I watched Mad Men last night. I will watch Mad Men next week, and so on until the end. But it should have ended a long time ago. To be precise, it should have ended with the final episode of Season 3. That was when Sterling Cooper essentially dissolved itself in order to form a new firm, and when Betty finally decided to divorce Don. After all, that is one of the great advantages that art has over life. Unlike life, which just goes on and on, from one messy situation to another, a story creates meaning out of all that messiness, in part, by ending when certain tensions and conflicts reach some kind of resolution. By going on past Season 3, Mad Men is beginning to look more like life than like art.
There is another reason why Mad Men should have ended after Season 3. It was toward the end of that season that Kennedy was assassinated. Part of what made Mad Men so interesting was that it was set in that period of the early sixties in which the Zeitgeist of the fifties still held sway. Three things, occurring in less than one year, changed everything. The first was the assassination of Kennedy, in November, 1963. It is often said that it was then that we lost our innocence. In the following January, the Beatles came to The Ed Sullivan Show. This launched the British Invasion, in which everything from England suddenly became intrinsically more desirable, reinforced by the fact that James Bond movies were just beginning to catch on. It is interesting that the protagonist of Mad Men is James Bond on Madison Avenue, and that the firm he worked for was taken over by a British company, as if in anticipation of all this. Finally, in August of 1964, the Gulf of Tonkin incident occurred, which began the Vietnam War. Historians may take exception to this remark, and for good reasons, but that was when Vietnam became important for the average American. Therefore, it would have been fitting to have Mad Men end when the “fifties” was brought to a close.
During the first three seasons, we enjoyed the guilty pleasures of watching the characters of Mad Men in all their racist, sexist, and homophobic glory. (Included in that list should be something expressing their callous insensitivity to those who are handicapped, but if there is a corresponding term for such, I am unaware of it). But it’s been done now, and recent displays of political incorrectness have fallen flat. Furthermore, the tension we felt in wondering if Don’s past would catch up with him is gone. There was still some of that in Season 4, what with federal agents making a routine investigation into Don’s past, but somehow the death of Anna put an end to that.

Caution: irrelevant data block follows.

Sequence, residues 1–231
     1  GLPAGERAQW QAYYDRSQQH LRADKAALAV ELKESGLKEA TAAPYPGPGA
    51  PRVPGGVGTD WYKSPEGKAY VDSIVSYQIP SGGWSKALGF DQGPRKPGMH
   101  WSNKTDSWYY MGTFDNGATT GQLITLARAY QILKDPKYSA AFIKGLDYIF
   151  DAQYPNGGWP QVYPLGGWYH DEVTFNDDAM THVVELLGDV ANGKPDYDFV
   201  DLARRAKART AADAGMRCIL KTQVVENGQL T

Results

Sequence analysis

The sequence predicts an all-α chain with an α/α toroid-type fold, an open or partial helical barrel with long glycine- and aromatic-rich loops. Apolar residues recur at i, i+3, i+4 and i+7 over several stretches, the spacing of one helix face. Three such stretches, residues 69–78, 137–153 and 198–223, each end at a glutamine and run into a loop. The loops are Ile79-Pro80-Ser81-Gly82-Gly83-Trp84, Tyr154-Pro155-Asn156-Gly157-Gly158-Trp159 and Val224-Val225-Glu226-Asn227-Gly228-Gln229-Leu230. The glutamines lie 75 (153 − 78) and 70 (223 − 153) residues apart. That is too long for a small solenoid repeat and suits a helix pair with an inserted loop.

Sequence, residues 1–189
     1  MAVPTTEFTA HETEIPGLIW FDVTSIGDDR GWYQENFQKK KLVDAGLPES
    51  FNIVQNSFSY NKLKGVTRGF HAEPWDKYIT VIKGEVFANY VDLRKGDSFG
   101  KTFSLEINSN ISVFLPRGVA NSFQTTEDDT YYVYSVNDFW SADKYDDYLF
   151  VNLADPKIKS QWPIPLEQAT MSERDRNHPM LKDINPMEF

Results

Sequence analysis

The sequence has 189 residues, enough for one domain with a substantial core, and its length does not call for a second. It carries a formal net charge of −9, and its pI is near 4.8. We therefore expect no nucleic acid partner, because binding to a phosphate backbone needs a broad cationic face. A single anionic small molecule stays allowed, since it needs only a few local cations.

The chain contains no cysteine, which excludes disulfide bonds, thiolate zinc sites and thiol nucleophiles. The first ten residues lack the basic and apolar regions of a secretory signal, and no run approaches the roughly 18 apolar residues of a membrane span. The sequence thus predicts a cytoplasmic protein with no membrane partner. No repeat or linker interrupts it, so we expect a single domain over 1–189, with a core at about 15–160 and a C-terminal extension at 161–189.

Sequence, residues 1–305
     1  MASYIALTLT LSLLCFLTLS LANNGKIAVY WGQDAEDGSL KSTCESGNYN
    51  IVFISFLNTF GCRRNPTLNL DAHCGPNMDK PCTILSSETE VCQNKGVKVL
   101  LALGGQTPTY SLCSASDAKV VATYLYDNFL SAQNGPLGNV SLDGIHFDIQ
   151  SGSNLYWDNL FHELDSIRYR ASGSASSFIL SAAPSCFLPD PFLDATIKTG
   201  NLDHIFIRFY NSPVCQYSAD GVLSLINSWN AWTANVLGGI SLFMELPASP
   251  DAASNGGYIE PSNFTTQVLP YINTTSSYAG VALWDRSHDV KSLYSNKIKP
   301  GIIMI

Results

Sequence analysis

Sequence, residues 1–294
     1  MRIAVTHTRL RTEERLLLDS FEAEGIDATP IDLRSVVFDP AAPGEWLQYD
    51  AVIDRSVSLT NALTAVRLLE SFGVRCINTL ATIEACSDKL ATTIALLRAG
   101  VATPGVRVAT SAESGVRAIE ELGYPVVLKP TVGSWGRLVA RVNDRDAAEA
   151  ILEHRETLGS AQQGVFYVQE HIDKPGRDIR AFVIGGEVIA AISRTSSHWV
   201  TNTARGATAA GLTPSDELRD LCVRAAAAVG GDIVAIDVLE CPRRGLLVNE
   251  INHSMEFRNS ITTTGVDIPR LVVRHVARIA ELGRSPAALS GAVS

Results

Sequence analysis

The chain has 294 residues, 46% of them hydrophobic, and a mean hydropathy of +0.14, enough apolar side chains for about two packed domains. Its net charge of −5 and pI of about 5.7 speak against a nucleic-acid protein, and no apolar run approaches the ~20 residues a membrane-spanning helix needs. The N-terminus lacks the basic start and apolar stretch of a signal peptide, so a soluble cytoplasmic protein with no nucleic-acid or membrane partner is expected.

Well, if continued episodes of Mad Men there must be, I have a couple of suggestions to make. I make these suggestions not as the result of some carefully thought out theory of aesthetics, but out of a felt need, deep and visceral. First of all, there is an unresolved tension that has been building up this season concerning Don’s philandering. Beginning with Sylvia, she and Don started having routine sex in her apartment, where her husband might walk in at any time and catch them making “the beast with two backs.”
Let me be clear. It is not as though I do not understand human nature, for I have done as much myself. Having accidentally on purpose left my umbrella over at some friends’ house the night before, I went to pick it up on my lunch break. I did not have any definite plans, but when I looked into her eyes, I knew the moment had arrived. I kissed her lips, and they were warm and moist. The rational thing to do, the prudent thing, would have been for me to insist that she follow me over to my apartment, where we could continue in safety. But does anyone doubt that if I had I suggested as much, she would have said, “We’d better not”? In fact, I almost blew the deal by trying to get her to go into the bedroom, where at least there would be a closet to hide in, instead of using the couch. But the point I wish to get to is that once we had consummated our adulterous affair, from that point on my apartment served for our assignations. To persist in using her place, as Don did with Sylvia, save for that bizarre business the week before last, would have been madness indeed.
And just when I thought that nonsense was over, here comes last night’s episode, in which Don, knowing that Betty’s husband will soon be arriving at the camp, not only has sex with her in her room, but also spends the night, and even sleeps in. By the time he gets to the dining room, there are Betty and Henry, having breakfast, with no indication from the expression on her face of just how close they came to disaster. When you are getting a little on the side with your ex-wife, there is no excuse for not exercising discretion, especially when Don had his own room just a few doors away.
In other words, if we are going to see more Mad Men episodes, I need to see Don and some guy's wife get caught in flagrante delicto, and then see Don get himself pounded to a bloody pulp. By the way, I know that Pete Campbell is not likable the way Don is, because Don is tall and decidedly more cool, but there is a certain irony in the fact that after Pete went to all the trouble to get an apartment in town for his rendezvous, he is the one who gets caught. Of course, it goes a lot harder on Brenda, but then again, it is she who gets beaten up by her husband, while Don is home sleeping the sleep of the just. I think it is time for a little rough karma. And finally, whether it be from the letter that Anna wrote incriminating Don, or from the switched lighters in the first episode of this season, I would like to see Don be arrested by the FBI and have to go to prison for desertion.
You see what happens when a television series goes on for too long? It makes me mean and ornery.